Cream often prescribed to relieve the symptoms of eczema may be making the condition worse, researchers claim.
Scientists at Bath University found that aqueous cream thinned the skin after a few weeks of use.
This, they say, is because it contains a detergent rather than just moisturisers.
Another expert said most GPs seemed unaware of official advice not to prescribe the cream as a moisturiser.
Eczema, which affects millions of adults in the UK, happens when the skin gets dry and cracked.
One way to reduce the discomfort and keep it under control is to use moisturising creams.
Aqueous cream, sold at every pharmacy, is an emollient cream, and is officially recommended as an alternative to soap when washing.
However, it is also frequently recommended by doctors for its moisturising properties - one recent poll suggested nine out of 10 GPs recommended it for childhood eczema.
Volunteers, none of whom had eczema, rubbed it into their forearms every day over a four-week period.
Scientists then compared skin samples taken before and after.
They found the thickness of the stratum corneum, the outermost skin layer, was reduced by about 10% in this time.
Professor Richard Guy supervised the research, conducted as part of a PhD course by researcher Manda Tsang. He said the sodium lauryl sulphate detergent in the cream was affecting a thin layer of fats lying on top of the skin.
He said: "Our study has found that rubbing aqueous cream containing sodium lauryl sulphate into the skin thins this protective barrier, making the skin more susceptible to irritation by chemicals.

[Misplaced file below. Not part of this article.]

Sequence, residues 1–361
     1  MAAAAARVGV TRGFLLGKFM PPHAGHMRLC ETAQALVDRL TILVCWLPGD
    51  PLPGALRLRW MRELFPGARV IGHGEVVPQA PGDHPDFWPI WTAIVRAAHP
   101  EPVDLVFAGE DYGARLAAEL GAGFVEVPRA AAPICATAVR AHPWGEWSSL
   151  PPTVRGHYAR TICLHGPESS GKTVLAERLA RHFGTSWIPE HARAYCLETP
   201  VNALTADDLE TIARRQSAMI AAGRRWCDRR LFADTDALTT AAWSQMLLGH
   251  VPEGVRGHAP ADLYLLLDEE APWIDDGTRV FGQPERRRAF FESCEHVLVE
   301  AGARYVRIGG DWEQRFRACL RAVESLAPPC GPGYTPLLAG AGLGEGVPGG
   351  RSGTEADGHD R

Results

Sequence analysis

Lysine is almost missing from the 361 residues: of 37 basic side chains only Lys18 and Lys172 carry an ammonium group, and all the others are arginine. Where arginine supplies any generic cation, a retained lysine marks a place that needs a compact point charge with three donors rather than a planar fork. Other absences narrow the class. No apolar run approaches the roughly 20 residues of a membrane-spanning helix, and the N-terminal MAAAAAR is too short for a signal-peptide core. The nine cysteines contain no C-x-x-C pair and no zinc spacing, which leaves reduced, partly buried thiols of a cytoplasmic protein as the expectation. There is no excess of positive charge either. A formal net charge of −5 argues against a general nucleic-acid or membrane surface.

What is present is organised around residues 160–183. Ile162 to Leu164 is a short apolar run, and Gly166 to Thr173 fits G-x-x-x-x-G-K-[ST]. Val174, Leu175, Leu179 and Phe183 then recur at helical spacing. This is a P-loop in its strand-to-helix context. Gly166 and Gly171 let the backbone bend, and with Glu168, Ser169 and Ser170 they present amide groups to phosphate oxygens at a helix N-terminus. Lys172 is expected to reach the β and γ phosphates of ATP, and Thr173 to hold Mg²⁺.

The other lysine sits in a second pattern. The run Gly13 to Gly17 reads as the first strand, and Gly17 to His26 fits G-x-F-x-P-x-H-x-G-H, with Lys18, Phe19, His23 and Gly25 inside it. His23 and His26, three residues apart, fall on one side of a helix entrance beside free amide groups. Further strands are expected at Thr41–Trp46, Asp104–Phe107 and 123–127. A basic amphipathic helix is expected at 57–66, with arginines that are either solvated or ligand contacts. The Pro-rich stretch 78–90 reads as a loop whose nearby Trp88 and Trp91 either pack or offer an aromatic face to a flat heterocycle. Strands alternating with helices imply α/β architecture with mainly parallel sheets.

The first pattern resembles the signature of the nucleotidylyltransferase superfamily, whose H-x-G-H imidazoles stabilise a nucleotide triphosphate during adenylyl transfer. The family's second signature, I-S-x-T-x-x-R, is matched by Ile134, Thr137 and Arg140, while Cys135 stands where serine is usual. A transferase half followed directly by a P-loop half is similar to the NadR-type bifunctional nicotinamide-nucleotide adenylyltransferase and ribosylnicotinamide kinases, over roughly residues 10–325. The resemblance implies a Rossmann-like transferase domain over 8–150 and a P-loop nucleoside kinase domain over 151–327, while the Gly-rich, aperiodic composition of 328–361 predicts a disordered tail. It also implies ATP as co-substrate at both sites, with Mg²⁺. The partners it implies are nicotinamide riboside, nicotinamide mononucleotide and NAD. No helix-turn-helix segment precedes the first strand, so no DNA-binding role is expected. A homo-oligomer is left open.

"So to use this cream on eczematous skin, which is already thin and vulnerable to irritation, is likely to make the condition even worse."
The National Eczema Society recommends alternatives such as white soft paraffin or even other types of emollient without such a high sodium laurel sulphate content.
Margaret Cox, chief executive of the National Eczema Society, said: "Aqueous cream contains sodium lauryl sulphate, which is a fairly heavy duty detergent. Sadly it is widely used - one it's cheap and two, it's prescribing habit."
Professor Michael Cork, an academic dermatologist from the University of Sheffield, said despite advice from the National Institute of Health and Clinical Excellence in England and Wales not to prescribe or recommend aqueous cream in this way, it was still widespread practice.
He recommended that people with eczema use a formulation without the detergent instead.
"This layer of skin will grow back over time, but if you're using aqueous cream on it every day, it simply won't get the chance."